The ferry was 5 minutes late, so the master desynchronised the propoulsion units driven by the engines to make up time, but had not informed the chief officer, who took over control of the ferry when docking. I am no expert on engines, but it seems that because the chief officer did not know the captain had desynchronised the engines he slowed down thinking that both engine would slow down while in truth one was at full pelt. Perhaps those better qualified can explain it better?.

Moaf was pretty close in his last post actually mentioning synchronising, and I said in post 13 that these ferries keep to timetables. So our early diagnosis was not far out?!. David

3rd October 2006, 22:34
One of the engines was being run at slightly reduced speed due to a problem. Therefore, because the engines were coupled through the controls, the good engine was also reduced. Aparrently, because they were slightly late, the old man de-synchronised the engines so as to run the good engine at full chat. Only he forgot.....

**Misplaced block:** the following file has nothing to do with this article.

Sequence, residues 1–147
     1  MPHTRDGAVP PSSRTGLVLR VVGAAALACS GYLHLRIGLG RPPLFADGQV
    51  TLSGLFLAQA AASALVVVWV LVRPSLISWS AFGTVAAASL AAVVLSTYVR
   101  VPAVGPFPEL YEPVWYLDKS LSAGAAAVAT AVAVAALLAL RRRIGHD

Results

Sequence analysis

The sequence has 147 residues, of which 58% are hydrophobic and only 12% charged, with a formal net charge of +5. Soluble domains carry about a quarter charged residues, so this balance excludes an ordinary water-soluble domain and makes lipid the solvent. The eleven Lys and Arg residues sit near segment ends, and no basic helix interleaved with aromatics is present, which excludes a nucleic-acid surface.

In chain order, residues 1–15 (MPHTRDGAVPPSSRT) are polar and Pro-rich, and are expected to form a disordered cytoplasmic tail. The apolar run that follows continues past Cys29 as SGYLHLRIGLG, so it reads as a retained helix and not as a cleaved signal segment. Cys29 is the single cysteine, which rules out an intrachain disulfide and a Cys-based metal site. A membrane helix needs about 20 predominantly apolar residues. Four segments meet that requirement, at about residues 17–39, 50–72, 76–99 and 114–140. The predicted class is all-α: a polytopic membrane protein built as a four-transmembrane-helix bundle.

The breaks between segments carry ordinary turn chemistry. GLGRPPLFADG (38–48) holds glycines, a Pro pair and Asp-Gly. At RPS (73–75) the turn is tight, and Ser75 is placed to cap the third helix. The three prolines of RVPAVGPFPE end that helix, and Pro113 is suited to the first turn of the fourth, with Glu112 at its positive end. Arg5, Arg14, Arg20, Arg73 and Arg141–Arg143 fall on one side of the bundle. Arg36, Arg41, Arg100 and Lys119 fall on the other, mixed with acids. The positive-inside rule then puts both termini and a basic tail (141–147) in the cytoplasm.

6th October 2006, 21:43
More news have emerged on this incident as reported in our local newspaper today.

The chief officer and master have resigned. The master had 40 years of experience at sea. It is so sad that his career and that of the chief officer has been tainted by this accident.

The MAIB investigation found changes had been made to the Red Falcon's running because of a fault on an air cooler.

It was decide the ship's aft engine would be run on reduced power until it was convenient to permanently repair the cooler.

This meant that instead of the usual synchronised running of the ship's two engines, they were de-synchronised to allow one engine to run at full power while the other ran at reduced power, although power was later increased because they were losing too much time.